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Re: Eldon on Politics in the AT

Sep 09, 1995 01:22 PM
by Geraldjs

Rich:<There is the VOICE OF THE SILENCE, which is pretty explicit in its
directions, and LIGHT ON THE PATH, which she didn't write personally, but HPB
indicated that it was dictated by a Master, and judging from the contents, I
would say it strikes me that way too. >
 Yes. These contain excellent guidence for the first step of the Path.

Rich:< The "laundry list" for chelas is not just for officially accepted
chelas, but for all of us who would like to enter into contact with the
Masters. Things like not touching people or animals are probably not helpful
at our stage, granted, but many of the other requirements are certainly
within our grasp, if we try. >
 If her list of do's and don't's turn you on and make you a better person
then use them. But when you select certain ones to do and disregard others,
you are, in fact, choosing your own Path. This is in accordance with what I
said we need to do at the third step.

Rich:<HPB's articles talk about abortion and suicide and meditation and food,
and a hundred other practical things. She warns against many things, like
exoteric Christianity, hypnotism and selfish thinking, and she reinforces
many things, such as the pursuit of wisdom as a path in itself (JNANA-Yoga).>
 Her articles are all geared to the first two steps - ethics and
compassion. As to meditation, she only condoned Raja Yoga, which is
basically a form of mind control (which is, I agree, an important aspect of
the Path) and Karma Yoga which is so slow it crawls. She warns against
Kundalini Yoga, for example, which is a much steeper and quicker Path. As to
Jnana Yoga, only a few people understand it. If you think that it is a
"pursuit of wisdom" in which we acquire knowledge by reading and studying
until we arrive at Gnosis, then my friend, you also don't understand Jnana
The goal of ALL yogas is to overcome/eliminate the human condition - the
physical body and the thinking process. You will never never do this by
slowly accumulating book-knowledge.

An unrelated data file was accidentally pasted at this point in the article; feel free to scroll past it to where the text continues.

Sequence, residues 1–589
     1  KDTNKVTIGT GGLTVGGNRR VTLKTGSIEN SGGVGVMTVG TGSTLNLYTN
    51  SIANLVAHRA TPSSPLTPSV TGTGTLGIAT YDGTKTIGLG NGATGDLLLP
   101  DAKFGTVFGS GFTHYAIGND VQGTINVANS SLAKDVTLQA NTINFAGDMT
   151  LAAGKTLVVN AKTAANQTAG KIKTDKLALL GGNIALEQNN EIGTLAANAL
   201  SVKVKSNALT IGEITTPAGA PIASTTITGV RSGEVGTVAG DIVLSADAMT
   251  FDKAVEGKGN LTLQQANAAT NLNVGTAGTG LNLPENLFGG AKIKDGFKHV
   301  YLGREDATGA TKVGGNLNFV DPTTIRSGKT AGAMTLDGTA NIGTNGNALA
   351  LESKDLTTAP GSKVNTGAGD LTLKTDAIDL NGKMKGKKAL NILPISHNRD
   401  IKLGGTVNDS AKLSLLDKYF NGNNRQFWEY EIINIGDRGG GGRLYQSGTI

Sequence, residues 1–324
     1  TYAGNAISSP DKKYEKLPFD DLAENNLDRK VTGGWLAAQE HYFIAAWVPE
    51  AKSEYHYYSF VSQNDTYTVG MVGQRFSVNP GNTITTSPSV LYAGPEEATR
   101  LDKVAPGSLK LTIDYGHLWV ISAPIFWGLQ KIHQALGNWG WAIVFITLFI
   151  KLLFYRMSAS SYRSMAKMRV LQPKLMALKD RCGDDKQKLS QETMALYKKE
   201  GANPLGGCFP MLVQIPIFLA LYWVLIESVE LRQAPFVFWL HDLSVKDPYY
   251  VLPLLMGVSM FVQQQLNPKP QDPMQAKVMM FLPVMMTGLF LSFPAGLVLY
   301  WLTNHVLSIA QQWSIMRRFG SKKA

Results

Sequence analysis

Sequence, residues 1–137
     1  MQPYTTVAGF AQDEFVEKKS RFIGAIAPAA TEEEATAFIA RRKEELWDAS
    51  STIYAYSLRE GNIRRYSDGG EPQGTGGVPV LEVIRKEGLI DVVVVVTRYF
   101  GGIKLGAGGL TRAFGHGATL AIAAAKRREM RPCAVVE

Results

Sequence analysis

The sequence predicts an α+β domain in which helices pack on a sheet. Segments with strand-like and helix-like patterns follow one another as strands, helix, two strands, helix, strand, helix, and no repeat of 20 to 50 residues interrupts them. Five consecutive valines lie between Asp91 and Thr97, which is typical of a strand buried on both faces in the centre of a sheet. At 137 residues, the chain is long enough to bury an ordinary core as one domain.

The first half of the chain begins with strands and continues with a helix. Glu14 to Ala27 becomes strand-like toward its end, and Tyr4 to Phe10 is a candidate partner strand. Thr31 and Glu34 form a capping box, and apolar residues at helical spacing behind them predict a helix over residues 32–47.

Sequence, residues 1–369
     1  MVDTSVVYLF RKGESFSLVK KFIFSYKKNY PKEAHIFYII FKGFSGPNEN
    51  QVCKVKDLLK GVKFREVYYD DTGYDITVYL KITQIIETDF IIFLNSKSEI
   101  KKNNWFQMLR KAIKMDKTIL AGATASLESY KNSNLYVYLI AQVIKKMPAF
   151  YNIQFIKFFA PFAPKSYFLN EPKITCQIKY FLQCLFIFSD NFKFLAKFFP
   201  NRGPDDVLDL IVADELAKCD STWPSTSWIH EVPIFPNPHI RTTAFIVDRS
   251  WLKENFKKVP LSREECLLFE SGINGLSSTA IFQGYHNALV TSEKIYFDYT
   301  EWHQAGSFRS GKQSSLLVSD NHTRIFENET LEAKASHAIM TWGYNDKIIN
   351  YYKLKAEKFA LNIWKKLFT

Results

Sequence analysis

Rich:<When you take Mr. Judge's writings with HPB's, there is an even more
rounded-our practical path. Mr. Judge teaches about applying such ideas as
karma, reincarnation and cycles universally and practically in daily life.>
..etc etc
 I have read everything Judge wrote, and just about everything
that HPB wrote (and they wrote a lot). I still say it all pertains to the
first two steps on the Path. This in no way is meant to belittle their
writings, nor to belittle the first two steps. These steps are very
important - they represent the chief difference between the Path as taught
in theosophy and that taught by magic or occult schools. My argument is
simply that they are only the first two steps. While most folks may take
their whole life with these, some of us may want to go on to step 3 at some
point. Neither HPB nor Judge gave us a very firm ground for step 3. I
rather think that they both considered it unnecessary, since the first two
steps had to be mastered first anyway and only a very few students would
likely be ready for step 3.

Rich:< He was the epitome of the perfect student, and that was perhaps one of
the primary reasons he was sent to us, as a role model for us who are the
students of HPB.>
 It would seem that you like Judge a lot. Thats OK. I like him too.
 But you have to remember that both HPB and Judge were ordered not to give
out certain higher teachings. It is clear to me from reading certain
passages of HPB and Judge, that both were Initiates in the sense that they
had experienced samadhi in some degree - a mystical experience, if you will.
 But neither ever gave out any techniques that students could use, other than
certain relatively safe meditations. Treading the Path is largely about

Rich:<If these two parts of the Theosophical teachings aren't practical and
laying down a path (which granted is personal and tread in individual ways) I
guess I don't know what "practical" means. For me, it is not an intellectual
path most of the time, but a minute-by-minute consideration of my dharma or
duty, and an acceptance of karma or conditions. What is the best, most
spiritual way to be and to work when we accept where we find ourselves? How
can we best serve humanity, and approach the state of the Masters? >
 Yes, they are very practical, and it sounds like you are following
them quite well. A question, however, comes to my mind about this whole
business. Doesn't a path take us somewhere? When we walk along a path,
aren't we going somewhere? Don't we usually have a destination in mind? I
think that what path we choose to take, largely depends on where we want to
go. Some of us may just like the walk for its own sake, while others may
have somewhere they want to go.

 Jerry S.

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